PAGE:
Tag Archives: digital humanities

Open Sourcing Religion Workshop

OpenSourceReligion-2015-10-30

Open Sourcing Religion

Thursday, December 3, 2015 / 9:00AM to 5:00PM

UC Davis King Hall, Room 2100A

A one day workshop on digital transformations in religious studies scholarship

RSVP if you plan to attend.

AGENDA

9:00am to 9:15am: Introduction: Andrew Ventimiglia (UC Davis)

9:15am to 11:15am: FUTURES

Moderator: TBD

Panelists:

  • Heidi Campbell (Texas A&M)
  • Pauline Hope Cheong (Arizona State University)
  • Eric Schmidt (UC Press)
  • Allison Fish (Indiana University)

11:15am-12:15pm: LUNCHTIME KEYNOTE: Flagg Miller (UC Davis)

12:15pm-1:15pm LUNCH BREAK

1:15pm-2:45pm HISTORIES

Moderator: David Biale (UC Davis)

Panelists:

  • Brian Hochman (Georgetown University)
  • Steven Jones (Loyola University, Chicago)
  • Andrew Ventimiglia (UC Davis)

2:45pm-3:00pm COFFEE BREAK

3:00pm-5:00pm PRACTICES

Moderator: Meaghan O’Keefe (UC Davis)

Panelists:

  • Daniel Schwartz (Texas A&M)
  • Mairaj Syed (UC Davis)
  • Nazmus Saquib (MIT)
  • Behnam Sadhegi (Stanford University)

Open Sourcing Religion– Workshop, December 3, 2015

OpenSourceReligion-2015-10-30

Open Sourcing Religion

Thursday, December 3, 2015 / 9:00AM to 5:00PM

UC Davis King Hall, Room 2100A

A one day workshop on digital transformations in religious studies scholarship

RSVP if you plan to attend.

AGENDA

9:00am to 9:15am: Introduction: Andrew Ventimiglia (UC Davis)

9:15am to 11:15am: FUTURES

Moderator: TBD

Panelists:

  • Heidi Campbell (Texas A&M)
  • Pauline Hope Cheong (Arizona State University)
  • Eric Schmidt (UC Press)
  • Allison Fish (Indiana University)

11:15am-12:15pm: LUNCHTIME KEYNOTE: Flagg Miller (UC Davis)

12:15pm-1:15pm LUNCH BREAK

1:15pm-2:45pm HISTORIES

Moderator: David Biale (UC Davis)

Panelists:

  • Brian Hochman (Georgetown University)
  • Steven Jones (Loyola University, Chicago)
  • Andrew Ventimiglia (UC Davis)

2:45pm-3:00pm COFFEE BREAK

3:00pm-5:00pm PRACTICES

Moderator: Meaghan O’Keefe (UC Davis)

Panelists:

  • Daniel Schwartz (Texas A&M)
  • Mairaj Syed (UC Davis)
  • Nazmus Saquib (MIT)
  • Behnam Sadhegi (Stanford University)

Art of the Archive Workshop 5/21

Art of the Archive

Date & Time: May 21, 2015 from 9:30 am – 5:15 pm

Location: King Hall 2100A, UC Davis

RSVP

The archive is in flux. The proliferation of born-digital objects and digitized materials opens up new modes of curation, circulation, and scholarly communication. This presents opportunities and challenges for scholars, artists, and publics for assembling, making accessible, decolonizing, and appropriating.

Digital platforms for curating and publishing cultural heritage and expressive culture—art, music, video, performance, sound—promise new collaborative forms, creating new relationships between producers and publics. Furthermore, archives and databases raise questions of ownership and control over knowledge–including decolonizing ethnographic collections and developing traditional knowledge licensing.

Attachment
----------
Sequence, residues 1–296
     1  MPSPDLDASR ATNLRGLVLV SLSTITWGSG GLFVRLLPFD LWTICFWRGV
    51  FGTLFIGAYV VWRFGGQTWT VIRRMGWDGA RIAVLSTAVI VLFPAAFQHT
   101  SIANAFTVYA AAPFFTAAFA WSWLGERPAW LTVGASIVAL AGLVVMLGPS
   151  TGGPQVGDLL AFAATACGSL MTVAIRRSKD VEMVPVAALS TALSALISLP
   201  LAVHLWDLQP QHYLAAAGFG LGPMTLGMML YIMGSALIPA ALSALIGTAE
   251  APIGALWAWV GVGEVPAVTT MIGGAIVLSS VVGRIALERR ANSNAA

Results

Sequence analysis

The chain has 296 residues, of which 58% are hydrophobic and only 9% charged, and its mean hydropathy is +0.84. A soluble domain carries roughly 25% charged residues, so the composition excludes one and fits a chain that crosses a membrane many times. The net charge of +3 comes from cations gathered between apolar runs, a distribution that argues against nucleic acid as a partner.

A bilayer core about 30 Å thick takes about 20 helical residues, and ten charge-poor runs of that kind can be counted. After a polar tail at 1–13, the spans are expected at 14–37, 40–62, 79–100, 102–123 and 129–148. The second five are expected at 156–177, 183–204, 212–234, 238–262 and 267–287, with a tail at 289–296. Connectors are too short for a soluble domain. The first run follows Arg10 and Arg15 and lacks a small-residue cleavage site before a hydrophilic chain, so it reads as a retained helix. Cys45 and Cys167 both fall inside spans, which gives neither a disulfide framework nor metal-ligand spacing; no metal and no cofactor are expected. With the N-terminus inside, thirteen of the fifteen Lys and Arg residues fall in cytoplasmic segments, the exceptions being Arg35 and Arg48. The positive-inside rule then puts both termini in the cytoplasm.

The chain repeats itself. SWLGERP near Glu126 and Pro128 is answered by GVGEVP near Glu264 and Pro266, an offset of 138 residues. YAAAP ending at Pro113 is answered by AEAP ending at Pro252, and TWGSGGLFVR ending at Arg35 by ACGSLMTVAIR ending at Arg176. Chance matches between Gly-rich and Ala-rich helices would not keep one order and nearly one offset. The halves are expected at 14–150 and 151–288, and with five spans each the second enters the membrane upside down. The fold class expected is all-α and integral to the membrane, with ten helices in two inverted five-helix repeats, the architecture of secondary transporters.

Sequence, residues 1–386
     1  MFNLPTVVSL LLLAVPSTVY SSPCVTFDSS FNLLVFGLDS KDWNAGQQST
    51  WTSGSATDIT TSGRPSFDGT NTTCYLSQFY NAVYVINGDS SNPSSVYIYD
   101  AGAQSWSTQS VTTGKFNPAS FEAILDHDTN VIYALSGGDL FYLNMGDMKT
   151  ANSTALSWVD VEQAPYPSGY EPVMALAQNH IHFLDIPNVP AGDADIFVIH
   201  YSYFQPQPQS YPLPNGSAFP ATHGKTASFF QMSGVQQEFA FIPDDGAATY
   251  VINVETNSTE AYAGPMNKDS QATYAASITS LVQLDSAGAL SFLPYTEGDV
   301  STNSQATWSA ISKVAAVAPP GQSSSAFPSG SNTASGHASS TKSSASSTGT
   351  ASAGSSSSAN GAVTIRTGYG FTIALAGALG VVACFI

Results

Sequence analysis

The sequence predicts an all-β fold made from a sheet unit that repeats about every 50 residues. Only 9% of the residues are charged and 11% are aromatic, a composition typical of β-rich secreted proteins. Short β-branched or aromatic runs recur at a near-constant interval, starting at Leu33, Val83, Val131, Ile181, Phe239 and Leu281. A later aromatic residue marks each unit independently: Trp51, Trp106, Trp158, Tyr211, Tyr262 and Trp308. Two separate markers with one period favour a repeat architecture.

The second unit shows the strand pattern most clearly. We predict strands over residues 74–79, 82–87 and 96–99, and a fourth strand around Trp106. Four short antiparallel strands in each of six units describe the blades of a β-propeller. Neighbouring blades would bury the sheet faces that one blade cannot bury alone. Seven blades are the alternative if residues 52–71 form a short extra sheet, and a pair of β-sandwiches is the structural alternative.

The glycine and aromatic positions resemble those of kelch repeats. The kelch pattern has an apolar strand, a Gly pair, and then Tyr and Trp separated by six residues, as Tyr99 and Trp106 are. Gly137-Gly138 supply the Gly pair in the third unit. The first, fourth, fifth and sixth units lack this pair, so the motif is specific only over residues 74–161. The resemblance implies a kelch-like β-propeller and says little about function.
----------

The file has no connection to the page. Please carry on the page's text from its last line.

Our workshop will examine the digital archive and database in terms of the aesthetics and politics of curation. We will bring together perspectives from the humanities, arts, and social sciences to address the challenges and possibilities for an emerging art of the archive.

Topics that we will explore include:

Continue reading Art of the Archive Workshop 5/21

Tenure policies not keeping up with the digital revolution

Interesting article in the Chronicle for Higher Education that I was pointed to by Mackenzie Smith:

Digital Humanists: If You Want Tenure, Do Double the Work | Vitae.

The article is by Sydni Dunn – a Staff Reporter at CUE and it discusses a topic of direct relevance the upcoming conference we are hosting here: Publish or perish? The future of academic publishing and careers February 13 – 14, 2013 UC Davis.  The article focuses on some discussions that came up in association with the annual meeting of the MLA – the Modern Language Association.  The discussion was about how to assess scholars in the humanities – especially those who are heavy on the digital side of scholarship.  And the discussion is both scary (to me at least) and fascinating as scholars struggle with how to get their institutions to accept digital scholarship and assess it.

It is definitely worth a read and I note we will have extensive discussions of this general topic at our meeting …